Compared to the general public, reports the National Alliance on Mental Illness, police officers battle higher rates of post-traumatic stress disorder (PTSD), depression, and other mental health issues.
In fact, the suicide rate among police officers is four times as much as the rate among firefighters.
One of the biggest problems for police officers is that if they seek help for mental health issues, they often risk being suspended or, at the very least, reassigned to a different post.
In some cases, that might be entirely appropriate, but it also has a chilling effect on individuals who value their jobs and role in the force and are afraid to seek treatment.
“The essence of police culture is that you don’t ever show weakness, John Violanti, an expert on police stress and a professor at the University of Buffalo, told PBS. “That bleeds over into your personality, and cops sort of develop this hard shell.”
3. Active-Duty Military Suicides
The highly disciplined culture of the U.S. Military is facing something of a crisis among its ranks.
In 2018, there were 321 suicides among active-duty service members, the largest number of suicides since 2012.
A 2014 study found that around 1 in 4 active-duty military members appeared to show signs of a mental health condition.
The same study showed that rates of depression among service women and men are five times higher than in civilians.
Serving in combat zones is particularly fraught with psychological dangers, like traumatic brain injury (TBI) and PTSD.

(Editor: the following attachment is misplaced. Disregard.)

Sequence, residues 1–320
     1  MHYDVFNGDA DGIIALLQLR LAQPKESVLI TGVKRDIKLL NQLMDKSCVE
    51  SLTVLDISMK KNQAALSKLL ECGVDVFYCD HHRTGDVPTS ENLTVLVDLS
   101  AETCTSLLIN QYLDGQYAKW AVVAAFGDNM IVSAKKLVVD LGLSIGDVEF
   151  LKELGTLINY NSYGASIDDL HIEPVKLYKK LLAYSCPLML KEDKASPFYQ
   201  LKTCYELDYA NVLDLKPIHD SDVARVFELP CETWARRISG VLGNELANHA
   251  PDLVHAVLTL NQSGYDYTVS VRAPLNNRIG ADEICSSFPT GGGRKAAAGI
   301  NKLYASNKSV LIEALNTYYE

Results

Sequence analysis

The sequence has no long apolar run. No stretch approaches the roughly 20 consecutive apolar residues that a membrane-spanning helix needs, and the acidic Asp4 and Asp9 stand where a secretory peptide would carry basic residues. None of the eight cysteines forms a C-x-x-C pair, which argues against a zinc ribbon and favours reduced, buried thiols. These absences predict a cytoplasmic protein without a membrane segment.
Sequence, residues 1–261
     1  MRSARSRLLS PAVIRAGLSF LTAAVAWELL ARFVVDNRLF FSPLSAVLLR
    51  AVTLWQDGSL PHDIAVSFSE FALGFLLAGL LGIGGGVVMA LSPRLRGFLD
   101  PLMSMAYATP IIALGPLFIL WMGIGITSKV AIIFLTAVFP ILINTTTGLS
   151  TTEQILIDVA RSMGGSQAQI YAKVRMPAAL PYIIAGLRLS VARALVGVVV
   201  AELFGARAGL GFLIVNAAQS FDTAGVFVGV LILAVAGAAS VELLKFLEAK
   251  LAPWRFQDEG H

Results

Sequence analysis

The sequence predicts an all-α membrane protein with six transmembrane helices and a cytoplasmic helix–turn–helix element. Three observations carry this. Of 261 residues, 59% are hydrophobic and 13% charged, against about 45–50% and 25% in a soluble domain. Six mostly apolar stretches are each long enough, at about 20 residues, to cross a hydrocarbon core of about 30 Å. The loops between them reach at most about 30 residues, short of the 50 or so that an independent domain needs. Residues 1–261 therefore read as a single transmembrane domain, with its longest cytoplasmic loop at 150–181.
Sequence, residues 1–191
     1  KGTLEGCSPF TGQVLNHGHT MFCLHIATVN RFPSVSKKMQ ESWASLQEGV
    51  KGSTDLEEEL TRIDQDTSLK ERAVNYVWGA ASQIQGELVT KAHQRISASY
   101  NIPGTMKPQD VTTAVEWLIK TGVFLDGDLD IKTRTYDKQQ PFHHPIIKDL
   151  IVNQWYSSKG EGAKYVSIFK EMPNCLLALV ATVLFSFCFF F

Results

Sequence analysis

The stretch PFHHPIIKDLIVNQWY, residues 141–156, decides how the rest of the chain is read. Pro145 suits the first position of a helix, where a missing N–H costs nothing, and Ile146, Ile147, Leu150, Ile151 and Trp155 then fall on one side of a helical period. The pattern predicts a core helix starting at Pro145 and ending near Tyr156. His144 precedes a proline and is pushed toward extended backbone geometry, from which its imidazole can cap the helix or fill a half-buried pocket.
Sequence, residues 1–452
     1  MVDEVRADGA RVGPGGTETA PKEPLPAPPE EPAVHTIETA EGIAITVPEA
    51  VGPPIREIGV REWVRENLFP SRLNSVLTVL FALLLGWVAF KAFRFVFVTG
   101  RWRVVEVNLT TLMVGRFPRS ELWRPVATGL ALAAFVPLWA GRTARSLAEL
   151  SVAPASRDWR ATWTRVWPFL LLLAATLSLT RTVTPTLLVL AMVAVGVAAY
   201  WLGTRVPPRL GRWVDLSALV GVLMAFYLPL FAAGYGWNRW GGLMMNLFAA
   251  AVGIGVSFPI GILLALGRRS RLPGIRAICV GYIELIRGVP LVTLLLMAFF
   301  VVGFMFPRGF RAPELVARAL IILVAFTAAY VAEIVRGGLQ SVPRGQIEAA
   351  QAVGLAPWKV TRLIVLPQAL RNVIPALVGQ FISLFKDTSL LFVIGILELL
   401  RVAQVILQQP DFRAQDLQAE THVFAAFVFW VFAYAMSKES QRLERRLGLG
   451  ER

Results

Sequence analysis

In both cases, alcohol and drug abuse are common because it’s a way to self-medicate the painful symptoms of anxiety, depression, insomnia, nightmares, mood swings and others that make day-to-life nearly unbearable.
Like with the police, there is also the issue of military culture, where showing vulnerability might come with perceived consequences like losing the trust of commanding officers and fellow service members, or even worse, being forced out of service by mandatory medical discharge.
Finally, assimilating back into civilian life with the added “psychological baggage” from having served, in some cases, several tours of duty in combat can take an incredible toll on the overall mental health of a person.
4. Adolescent and Teen Suicide
Adolescence is not a profession, though anyone who’s gone through it can attest to the fact that being a teenager can feel like being stuck in a dead-end, low-paying job where no one respects you.
New research finds a considerable increase in the rates of depression among teenagers in all ranges, but especially in kids aged 14 to 17. Not surprisingly, that number correlates with the increased rates of suicidal thoughts, plans and attempts in the same age group.
To make matters worse, experts are not entirely sure what’s driving higher rates of depression and other mental health issues.
Some experts point to the rise in technology, such as extra screen time, excessive social media, greater isolation and a sedentary lifestyle, as potential causes.
Others, though, disagree and suggest there’s been no conclusive research that links teenage depression and social media.
“There’s a lot we don’t know, and we can’t say conclusively what’s driving the [mental health] trends,” Mary Helen Immordino-Yang, a psychology professor at the University of Southern California, said an interview with Time.
“But in the real world, when dealing with the health of children, you need to make your best guess before things are unequivocally proven,” she continued.
Reach Out to Friends and Family Who are Struggling
National Suicide Prevention Week is the perfect time to reach out to friends, family, and others who might fall into one of these at-risk categories.
Simply checking in with a person who might be struggling can go a long way in opening up lines of communication.
For industry organizations, this week is an excellent opportunity to educate members about the signs and risk factors associated with suicide and highlight an extensive list of free mental health resources.
Greater public awareness, education, and understanding are key in lessening the stigma associated with poor mental health and can save lives.